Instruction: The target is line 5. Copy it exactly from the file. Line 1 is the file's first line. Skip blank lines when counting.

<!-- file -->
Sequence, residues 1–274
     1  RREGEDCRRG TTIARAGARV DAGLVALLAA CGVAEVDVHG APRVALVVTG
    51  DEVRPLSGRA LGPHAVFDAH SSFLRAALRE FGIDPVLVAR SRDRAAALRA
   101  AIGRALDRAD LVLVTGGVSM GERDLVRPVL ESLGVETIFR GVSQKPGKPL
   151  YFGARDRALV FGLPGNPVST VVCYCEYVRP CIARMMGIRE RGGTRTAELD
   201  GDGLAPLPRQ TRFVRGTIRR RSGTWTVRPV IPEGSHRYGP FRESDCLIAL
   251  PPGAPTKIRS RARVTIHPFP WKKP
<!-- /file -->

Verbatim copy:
   151  YFGARDRALV FGLPGNPVST VVCYCEYVRP CIARMMGIRE RGGTRTAELD